So, World Rugby has shot the messenger. Rassie Erasmus’s now infamous video pointing out the myriad faults of referee Nic Berry in the first Test against the Irish and British Lions has seen him severely punished for bringing the game into disrepute.
Known for being amazingly innovative with his coaching, this arguably wasn’t Erasmus’ best attempt at trying something different. The 62-minute leaked video of the Springbok director of rugby pointing out 36 errors by the Australia ref and the touch judges was the subject of a World Rugby disciplinary process that has seen Erasmus banned for 10 months. Think of it like a whistleblower pointing out how unethical a big company is – only to be persecuted for it.
Poor Nic Berry, who complained that his reputation had been sullied. Amazingly he isn’t mortified that he made these 36 errors, some of which were pretty blatant. The most egregious of which was the insulting way he gave Springbok captain Siya Kolisi short shift, clearly disrespecting the country’s first black rugby captain. Meanwhile Berry practically fawned on (admittedly legendary) player Alan Wyn Jones. Did Berry apologise for this?
Both World Rugby and Berry have missed the point of the real outrage: that the referee in a crucial game of rugby – in a series that only happens every four years – made 36 mistakes, some of which arguably changed the course of the game; and might have changed the outcome of the entire series.
Instead, World Rugby has shot the messenger. It’s a disgrace. DM sports editor Craig Ray has pointed out all the ironies and travesties of this shameful demonstration of a sports organisation refusing to deal with the real issues.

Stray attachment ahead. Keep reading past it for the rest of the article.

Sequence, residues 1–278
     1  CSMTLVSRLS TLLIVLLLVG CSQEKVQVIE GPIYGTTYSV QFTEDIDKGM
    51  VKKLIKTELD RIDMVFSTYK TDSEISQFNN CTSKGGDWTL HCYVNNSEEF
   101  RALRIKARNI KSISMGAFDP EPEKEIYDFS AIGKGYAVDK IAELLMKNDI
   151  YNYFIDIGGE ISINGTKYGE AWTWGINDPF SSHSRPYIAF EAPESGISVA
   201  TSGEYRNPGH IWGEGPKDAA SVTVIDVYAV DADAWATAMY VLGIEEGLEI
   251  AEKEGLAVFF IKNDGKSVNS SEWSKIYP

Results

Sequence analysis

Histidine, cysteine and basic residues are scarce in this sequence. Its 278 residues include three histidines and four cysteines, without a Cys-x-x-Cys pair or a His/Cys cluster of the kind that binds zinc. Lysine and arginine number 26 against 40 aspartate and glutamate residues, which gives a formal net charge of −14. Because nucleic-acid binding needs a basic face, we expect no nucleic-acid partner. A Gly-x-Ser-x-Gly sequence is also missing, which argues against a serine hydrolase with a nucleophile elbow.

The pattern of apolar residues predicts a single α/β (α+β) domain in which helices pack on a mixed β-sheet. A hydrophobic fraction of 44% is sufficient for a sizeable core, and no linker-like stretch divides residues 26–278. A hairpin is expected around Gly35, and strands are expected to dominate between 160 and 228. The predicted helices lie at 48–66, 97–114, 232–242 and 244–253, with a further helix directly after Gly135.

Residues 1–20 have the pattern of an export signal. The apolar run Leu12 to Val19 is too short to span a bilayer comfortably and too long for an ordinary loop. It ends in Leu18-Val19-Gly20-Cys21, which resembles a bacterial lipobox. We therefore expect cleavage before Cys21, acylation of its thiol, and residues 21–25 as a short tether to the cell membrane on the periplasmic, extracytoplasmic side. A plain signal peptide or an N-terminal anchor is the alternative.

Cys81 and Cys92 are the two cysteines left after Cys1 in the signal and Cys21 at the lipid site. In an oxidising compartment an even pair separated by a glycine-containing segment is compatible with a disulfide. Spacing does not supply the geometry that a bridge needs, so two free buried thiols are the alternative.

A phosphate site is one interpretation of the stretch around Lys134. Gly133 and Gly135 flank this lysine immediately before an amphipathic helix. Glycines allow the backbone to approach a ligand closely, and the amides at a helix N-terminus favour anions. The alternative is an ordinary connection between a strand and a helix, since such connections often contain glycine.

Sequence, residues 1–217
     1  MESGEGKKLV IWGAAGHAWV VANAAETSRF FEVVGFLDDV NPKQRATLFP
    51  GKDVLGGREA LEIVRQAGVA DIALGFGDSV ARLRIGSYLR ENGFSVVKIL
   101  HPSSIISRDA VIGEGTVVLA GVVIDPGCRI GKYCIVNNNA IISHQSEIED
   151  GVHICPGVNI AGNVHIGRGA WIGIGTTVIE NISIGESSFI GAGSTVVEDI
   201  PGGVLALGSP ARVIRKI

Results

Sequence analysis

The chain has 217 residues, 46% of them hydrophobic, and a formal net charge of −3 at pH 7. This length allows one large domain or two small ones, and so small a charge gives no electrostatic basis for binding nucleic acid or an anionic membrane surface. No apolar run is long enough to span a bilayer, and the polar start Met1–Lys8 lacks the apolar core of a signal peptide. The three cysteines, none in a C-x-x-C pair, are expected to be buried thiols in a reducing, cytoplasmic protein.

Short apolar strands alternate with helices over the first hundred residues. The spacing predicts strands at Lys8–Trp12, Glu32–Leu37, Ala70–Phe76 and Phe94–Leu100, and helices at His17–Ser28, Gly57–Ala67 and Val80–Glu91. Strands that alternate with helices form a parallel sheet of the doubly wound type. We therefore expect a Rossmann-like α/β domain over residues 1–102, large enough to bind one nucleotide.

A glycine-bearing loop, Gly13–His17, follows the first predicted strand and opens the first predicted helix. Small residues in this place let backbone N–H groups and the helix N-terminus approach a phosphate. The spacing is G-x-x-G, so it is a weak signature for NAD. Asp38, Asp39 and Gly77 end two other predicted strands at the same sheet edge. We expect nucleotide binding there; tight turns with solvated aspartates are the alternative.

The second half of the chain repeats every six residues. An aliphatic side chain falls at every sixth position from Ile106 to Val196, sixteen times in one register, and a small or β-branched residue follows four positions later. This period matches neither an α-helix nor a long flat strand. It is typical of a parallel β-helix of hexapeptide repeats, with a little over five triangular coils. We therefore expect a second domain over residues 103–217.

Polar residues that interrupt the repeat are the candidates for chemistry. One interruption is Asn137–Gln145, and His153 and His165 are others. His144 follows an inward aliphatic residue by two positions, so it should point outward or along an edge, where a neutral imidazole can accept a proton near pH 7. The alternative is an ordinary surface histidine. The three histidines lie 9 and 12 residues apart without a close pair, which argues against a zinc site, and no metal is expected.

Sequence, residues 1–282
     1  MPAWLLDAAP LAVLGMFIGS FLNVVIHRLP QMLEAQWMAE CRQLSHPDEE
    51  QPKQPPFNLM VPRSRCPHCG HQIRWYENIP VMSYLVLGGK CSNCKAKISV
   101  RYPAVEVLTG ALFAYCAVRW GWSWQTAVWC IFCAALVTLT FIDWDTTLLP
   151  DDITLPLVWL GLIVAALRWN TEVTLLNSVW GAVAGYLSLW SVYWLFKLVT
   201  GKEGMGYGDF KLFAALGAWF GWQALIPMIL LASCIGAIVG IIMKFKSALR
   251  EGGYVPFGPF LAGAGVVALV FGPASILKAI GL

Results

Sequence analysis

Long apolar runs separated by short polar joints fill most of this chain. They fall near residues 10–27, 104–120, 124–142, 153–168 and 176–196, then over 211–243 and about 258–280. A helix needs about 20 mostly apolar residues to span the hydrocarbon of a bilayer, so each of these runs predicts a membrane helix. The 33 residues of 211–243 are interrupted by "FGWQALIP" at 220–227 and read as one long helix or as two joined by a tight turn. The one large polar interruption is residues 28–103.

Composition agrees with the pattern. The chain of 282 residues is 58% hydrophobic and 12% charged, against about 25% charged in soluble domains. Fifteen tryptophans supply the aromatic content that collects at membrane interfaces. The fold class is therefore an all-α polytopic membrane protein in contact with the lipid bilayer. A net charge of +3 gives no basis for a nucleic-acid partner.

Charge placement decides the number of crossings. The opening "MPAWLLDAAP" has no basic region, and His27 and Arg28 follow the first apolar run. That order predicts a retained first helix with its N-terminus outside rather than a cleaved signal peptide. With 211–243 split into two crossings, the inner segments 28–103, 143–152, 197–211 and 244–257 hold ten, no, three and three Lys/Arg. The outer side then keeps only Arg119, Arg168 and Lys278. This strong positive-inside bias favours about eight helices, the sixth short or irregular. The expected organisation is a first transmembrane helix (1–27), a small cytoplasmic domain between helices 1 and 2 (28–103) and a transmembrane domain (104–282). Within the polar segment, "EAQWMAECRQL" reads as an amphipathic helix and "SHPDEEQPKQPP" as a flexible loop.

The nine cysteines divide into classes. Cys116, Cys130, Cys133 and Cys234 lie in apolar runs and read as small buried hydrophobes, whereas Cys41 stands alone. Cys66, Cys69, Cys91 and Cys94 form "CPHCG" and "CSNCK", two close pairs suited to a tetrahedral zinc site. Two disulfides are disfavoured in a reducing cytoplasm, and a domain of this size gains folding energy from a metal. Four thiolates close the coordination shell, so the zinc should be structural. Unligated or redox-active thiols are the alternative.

This is supposed to be a technology column, so before my editors get the “moer in,” let’s discuss how technology can change a sport.
Rugby is pretty advanced amongst the top-tier sports for its willingness to try new technology. The television match official (TMO) was a breakthrough that allowed slow-motion footage to help with disputed tries and knock-ons.
Football, which employs would-be Hollywood actors who have perfected “diving” for a penalty, reluctantly started using video footage. I am no fan of the mindless dullness of soccer, and my irritation with the supposedly beautiful game has intensified over the years watching players milking penalties, hobbling around or being stretchered off the pitch. Then, after the penalty was awarded, they make a miraculous recovery just minutes later. Some football leagues stopped putting the video replays up on the stadium’s big screen because it showed the angry fans just how blatant the offending player’s offensive dive was.
Eventually the football establishment seemed to notice that the game was becoming more of a staged wrestling match than a game of skill and finesse. Now the replays can be seen on the screen, but the practise still happens – just watch any high-level game of soccer.
Rugby is now in the same position. On the big screen the world can see the mistakes that the ref is making but World Rugby is up in arms because Rassie Erasmus has pointed out these obvious mistakes.
Do they rectify the obvious errors in the applications of the rules of rugby? Or do they shoot the messenger?
It’s all there, up on the big stadium screen called the internet. All World Rugby has to do is look for it.
This article first appeared in the Daily Maverick.